I Tested Positive For HIV – Now What?

Interpreting the results of a rapid ”reactive” HIV test

If your rapid HIV test result is reactive, it means that the test indicates that HIV antibodies were found in your blood or oral fluid sample. Anyone whose result is reactive to a rapid HIV test must have a second (or confirmatory) test done. This is a more accurate test, and it is done to confirm, or check, the results of the rapid test. It takes longer to get the result of this second test, sometimes as long as two weeks.

If you have not yet had this second test, ask your doctor for a list of places that offer confirmatory testing. Or contact the Rhode Island HIV/AIDS Hotline: 1-800-726-3010.

HIV and AIDS – Their Meanings

AIDS stands for Acquired Immune Deficiency Syndrome. AIDS is the most serious outcome of HIV infection. Being HIV positive is not the same as having AIDS, but it means that you may develop AIDS in the future.

HIV attacks your immune system, gradually impairing how it functions. Your immune system protects your body from harmful germs like viruses or bacteria. Over time, if your immune system becomes seriously damaged by HIV, your body loses its ability to fight certain infections and cancers. AIDS occurs once the immune system has been significantly damaged. You will need to have more medical tests to determine how strong your immune system is and if you have AIDS.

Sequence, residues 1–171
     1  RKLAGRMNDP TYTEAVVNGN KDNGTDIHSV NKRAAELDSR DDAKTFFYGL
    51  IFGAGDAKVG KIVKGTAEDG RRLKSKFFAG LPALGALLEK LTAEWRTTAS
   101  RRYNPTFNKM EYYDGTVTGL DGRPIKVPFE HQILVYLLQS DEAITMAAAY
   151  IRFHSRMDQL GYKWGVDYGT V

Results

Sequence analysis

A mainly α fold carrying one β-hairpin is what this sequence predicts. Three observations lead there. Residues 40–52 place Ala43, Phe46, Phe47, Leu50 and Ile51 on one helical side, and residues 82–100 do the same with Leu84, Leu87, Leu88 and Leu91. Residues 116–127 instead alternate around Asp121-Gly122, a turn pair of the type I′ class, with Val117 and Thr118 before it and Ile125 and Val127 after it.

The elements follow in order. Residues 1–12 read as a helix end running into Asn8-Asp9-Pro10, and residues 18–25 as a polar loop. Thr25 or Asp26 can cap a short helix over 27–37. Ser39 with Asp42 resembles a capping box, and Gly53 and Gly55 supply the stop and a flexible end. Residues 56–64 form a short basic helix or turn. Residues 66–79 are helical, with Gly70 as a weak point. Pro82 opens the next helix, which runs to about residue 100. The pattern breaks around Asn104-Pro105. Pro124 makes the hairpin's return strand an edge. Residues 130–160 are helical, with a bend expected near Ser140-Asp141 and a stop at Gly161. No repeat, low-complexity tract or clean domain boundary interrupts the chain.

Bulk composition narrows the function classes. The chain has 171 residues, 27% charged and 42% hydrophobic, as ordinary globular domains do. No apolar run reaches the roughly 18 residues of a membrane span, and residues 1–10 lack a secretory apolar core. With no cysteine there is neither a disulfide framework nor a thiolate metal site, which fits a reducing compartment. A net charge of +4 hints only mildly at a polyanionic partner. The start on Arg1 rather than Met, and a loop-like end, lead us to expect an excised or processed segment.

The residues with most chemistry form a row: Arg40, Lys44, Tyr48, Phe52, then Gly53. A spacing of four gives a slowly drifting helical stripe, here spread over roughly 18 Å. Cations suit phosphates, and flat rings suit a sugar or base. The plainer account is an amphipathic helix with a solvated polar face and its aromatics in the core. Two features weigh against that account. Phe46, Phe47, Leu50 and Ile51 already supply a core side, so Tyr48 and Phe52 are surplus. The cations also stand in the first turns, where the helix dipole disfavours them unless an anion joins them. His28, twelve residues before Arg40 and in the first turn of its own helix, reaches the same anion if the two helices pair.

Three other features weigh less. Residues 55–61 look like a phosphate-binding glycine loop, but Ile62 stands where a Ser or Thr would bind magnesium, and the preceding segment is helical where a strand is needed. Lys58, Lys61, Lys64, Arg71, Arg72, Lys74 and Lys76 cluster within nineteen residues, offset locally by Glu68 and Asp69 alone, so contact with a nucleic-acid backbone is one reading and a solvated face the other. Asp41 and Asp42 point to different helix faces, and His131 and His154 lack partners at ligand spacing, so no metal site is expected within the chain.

A positive HIV test is scary news, but it is not a death sentence. Many people live full lives with HIV, and are alive and well many years after getting infected. A positive HIV test result is an important medical message. Finding out that you have HIV gives you the chance to get the medical care you need, take control of your health, and slow or prevent some of the possible health effects of HIV.

Getting Medical Care for HIV/AIDS

If your confirmatory HIV test comes back positive, you need to find a doctor who specializes in HIV treatment, and see this doctor regularly for check-ups of your immune system. Unless you have an advanced form of HIV disease, this care is mainly preventive – to keep the disease from getting worse. You do not need to stop seeing your regular doctor – they can talk with your HIV doctor about the best way to take care of your medical needs. You can find HIV Specialty Care at the following locations:

The Immunology Center at The Miriam Hospital: 401-793-2928

Roger Williams Medical Center: 401-456-2437

Rhode Island Hospital: 401-444-1678

Thundermist Health Center of Woonsocket: 401-767-4100

Family Health Services Health Center: 401-943-1981

Coastal Medical: 401-781-2400

For other information about being HIV+ visit the HIV Q&A page. To learn about services provided by The Project for people who are HIV+ visit the Overview of Services.